Nearly every ward and nursing environment will encounter patients needing pain management. This could be as in my case, within the rehabilitation ward a few days post surgery. Or maybe acute pain the surgical ward immediatly post surgery, chronic pain in aged care facilities, during wound dressing changes with district nurses, having a port accessed during chemotherapy treatment, in the emergency department after falling.... as you can see, pain is everywhere!
Pain management can be a complex process and involve many different avenues of treatment as well as being individualised for the patient. What may work for one patient may not work for another. Therefore pain management should be multi-modal and address the individuals specific needs.
Therefore I have compiled a list of my Top 10 Analgesic medications, which may be different from yours so please let me know what you think should make the list.
10. Buprenorphine Transdermal Patch (Norspan)
This comes in at number 10 for me because its a good 'background' analgesic for patients. It does, like most opioids have multiple side effects and also the risk of dependance. Unfortunately it also takes up to 72 hours for it to fully take effect as it travels through the skin into the blood stream, therefore patient education is essential. Check out this pamphlet on Norspan Patches
9. Hydromorphone Hydrochloride (Jurnista and Dilaudid)
The two brands of Hydromorphone Hydrochloride which I tend to administer are the long acting Jurnista and short acting Dilaudid. We'll start with Jurnista, unlike other long acting opioids which tend to be b.d administration, Jurnista is taken as a daily dose which is beneficial for patients who may not be compliant with medication administration. Jurnista should be used for patients which chronic, around the clock pain that tends to range from moderate to severe. Read more about Jurnista here. Dilaudid is the short acting/quick release version of hydromorphone and you can read more about this here.
We use Ketamine as an infusion within the ward for chronic pain management. Often patients will have a 5-14 pain management impatient stay with a ketamine infusion used at low doses for neuropathic pain management in conjunction with allied health interventions such as physiotherapy, psychology input and occupational therapy. These patients may also be detoxing from other opioids as well whilst undertaking the ketamine infusion. After this infusion the results vary from patient to patient, some patients receive relief from their pain for up to 1 year, others a few months, and others no relief at all. You can read here a patients story and the effects of Ketamine.
7. Diazepam (Valium)
Or better know by its brand name, Valium. In addition to being used for treating anxiety, it can also be used to help relax muscles. Therefore, Diazepam can be beneficial in treating pain in patients which are related to spasms, such as what can occur with back pain. You can read more about Diazepam here.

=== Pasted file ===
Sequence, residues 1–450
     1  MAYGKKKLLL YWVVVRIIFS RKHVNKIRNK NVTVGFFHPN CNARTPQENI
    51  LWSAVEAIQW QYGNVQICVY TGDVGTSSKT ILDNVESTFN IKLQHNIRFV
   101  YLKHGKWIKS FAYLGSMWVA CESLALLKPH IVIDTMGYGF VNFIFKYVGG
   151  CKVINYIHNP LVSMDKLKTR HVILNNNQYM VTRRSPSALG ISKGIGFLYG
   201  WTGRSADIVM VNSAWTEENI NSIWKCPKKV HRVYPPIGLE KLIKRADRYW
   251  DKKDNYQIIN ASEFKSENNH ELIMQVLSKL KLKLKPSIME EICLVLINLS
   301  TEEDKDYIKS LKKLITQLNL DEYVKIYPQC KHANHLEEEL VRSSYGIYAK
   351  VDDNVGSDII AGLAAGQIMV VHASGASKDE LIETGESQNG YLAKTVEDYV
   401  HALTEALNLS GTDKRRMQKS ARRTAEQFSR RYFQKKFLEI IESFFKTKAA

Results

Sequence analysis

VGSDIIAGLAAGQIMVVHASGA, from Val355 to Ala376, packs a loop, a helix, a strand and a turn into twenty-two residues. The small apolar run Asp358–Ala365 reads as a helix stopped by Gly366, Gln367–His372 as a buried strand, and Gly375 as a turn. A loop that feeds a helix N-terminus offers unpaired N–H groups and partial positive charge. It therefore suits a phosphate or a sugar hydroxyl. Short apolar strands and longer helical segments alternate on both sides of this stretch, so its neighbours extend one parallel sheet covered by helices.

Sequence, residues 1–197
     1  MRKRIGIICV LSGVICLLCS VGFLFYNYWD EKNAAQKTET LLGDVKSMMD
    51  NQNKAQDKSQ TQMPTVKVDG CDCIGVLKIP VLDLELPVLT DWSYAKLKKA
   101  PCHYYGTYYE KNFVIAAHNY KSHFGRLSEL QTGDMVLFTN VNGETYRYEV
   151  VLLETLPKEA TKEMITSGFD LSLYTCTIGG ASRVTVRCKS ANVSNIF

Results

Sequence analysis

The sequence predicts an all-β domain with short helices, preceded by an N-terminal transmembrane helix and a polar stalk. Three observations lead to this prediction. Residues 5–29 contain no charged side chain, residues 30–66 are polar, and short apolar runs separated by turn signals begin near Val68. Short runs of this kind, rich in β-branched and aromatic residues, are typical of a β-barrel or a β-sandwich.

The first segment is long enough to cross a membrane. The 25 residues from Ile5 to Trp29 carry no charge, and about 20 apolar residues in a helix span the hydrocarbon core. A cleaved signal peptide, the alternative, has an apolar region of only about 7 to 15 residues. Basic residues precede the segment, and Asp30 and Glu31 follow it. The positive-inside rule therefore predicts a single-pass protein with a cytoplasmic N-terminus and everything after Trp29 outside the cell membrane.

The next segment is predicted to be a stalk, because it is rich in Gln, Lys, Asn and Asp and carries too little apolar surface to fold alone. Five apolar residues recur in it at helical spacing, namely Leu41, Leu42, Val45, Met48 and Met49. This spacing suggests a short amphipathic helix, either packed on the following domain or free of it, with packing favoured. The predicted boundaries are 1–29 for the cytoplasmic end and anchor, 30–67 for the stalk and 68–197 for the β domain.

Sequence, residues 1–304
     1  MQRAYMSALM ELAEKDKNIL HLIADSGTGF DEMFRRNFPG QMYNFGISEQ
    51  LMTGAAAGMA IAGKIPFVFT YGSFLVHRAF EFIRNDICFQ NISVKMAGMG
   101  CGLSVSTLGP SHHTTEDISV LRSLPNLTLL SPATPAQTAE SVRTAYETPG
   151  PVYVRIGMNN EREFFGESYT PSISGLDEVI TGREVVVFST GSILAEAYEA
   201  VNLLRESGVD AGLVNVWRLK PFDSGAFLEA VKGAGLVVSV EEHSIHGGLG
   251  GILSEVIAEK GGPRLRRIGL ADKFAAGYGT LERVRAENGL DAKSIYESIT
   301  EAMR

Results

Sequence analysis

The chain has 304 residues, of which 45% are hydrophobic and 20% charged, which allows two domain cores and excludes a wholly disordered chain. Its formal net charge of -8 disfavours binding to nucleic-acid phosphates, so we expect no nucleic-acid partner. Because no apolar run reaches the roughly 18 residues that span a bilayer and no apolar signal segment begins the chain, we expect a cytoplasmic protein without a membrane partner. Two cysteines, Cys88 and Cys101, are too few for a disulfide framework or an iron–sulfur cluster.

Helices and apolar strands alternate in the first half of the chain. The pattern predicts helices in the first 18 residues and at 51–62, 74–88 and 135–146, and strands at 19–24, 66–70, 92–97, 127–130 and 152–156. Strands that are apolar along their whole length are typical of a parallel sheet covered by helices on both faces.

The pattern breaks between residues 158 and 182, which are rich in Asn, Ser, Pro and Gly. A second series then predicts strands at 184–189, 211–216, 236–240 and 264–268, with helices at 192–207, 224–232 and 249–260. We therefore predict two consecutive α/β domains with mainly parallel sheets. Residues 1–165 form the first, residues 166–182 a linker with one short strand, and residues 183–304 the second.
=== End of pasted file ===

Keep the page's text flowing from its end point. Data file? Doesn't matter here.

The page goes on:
6. Pregabalin (Lyrica)
Pregabalin is an anticonvulsant medication used to treat epilepsy and it can also be used to treat neuropathic pain. It can be used in conjunction with other analgesic agents to achieve effective pain relief. However, like other anticonvulsant medications, it does have the side effect of drowsiness and dizziness in some people. Some more information about Lyrica can be found here.
5. Ibuprofen (Nurofen)
Good old Nurofen, something we all have at home in the cupboard and for a good reason, it works! One thing to be mindful of with non-steroidal anti-inflammatory medications is they can negatively impact on wound healing, which is important if your patient is post op with a surgical incision. Read more here.
4. Paracetamol (Panadol)
And of course paracetamol needed to make the cut. Paracetamol is not only good for pain, but also for your patients who are spiking a temperature. Paracetamol actually works by increasing the patients pain threshold, therefore it is important to continue having regular paracetamol in conjunction with other analgesics such as Morphine as they can complement each other in their mechanisms of action. If you want to know more, click here.
Morphine tends to be used for severe pain, such as the acute pain a patient may be feeling post-operatively. As with other opioid medications, it does have significant side effects such as overdose. Therefore it is important to monitor the patient receiving morphine for any signs of overdose. Theres more on morphine here.
2. Oxycodone Hydrochloride (Endone)
Also know as Endone. This is an effective opioid medication which is used for severe pain. Working with post operative patients undertaking rehabilitation, we use this drug a lot. It generally takes about 15-30mins for this tablet to take effect, maximum effect is reached between 30-60mins and then persists for 3-6 hours. More on Endone here.
1. Oxycodone Hydrochloride and Naloxone Hydrochloride Dihydrate (Targin)
Some of you are probably wondering 'where is the Oxycontin on this list'. Targin is similar to Oxycontin but combines Naloxone with the Oxycodone. Targin is such an interesting medication, it is gradually replacing Oxycontin as it doesn't have one of the worst side effects of Oxycontin... Constipation. Because the Naloxone blocks some of the effects of the Oxycodone in the gut, it decreases the risk of the patient developing opioid induced constipation. Check it out here.
I've tried to add in different variety's of analgesic agents with different modes of delivery including transdermal, injectable and oral forms, but of course there are plenty more that didn't make it into my top 10 list.
So what makes your top 10?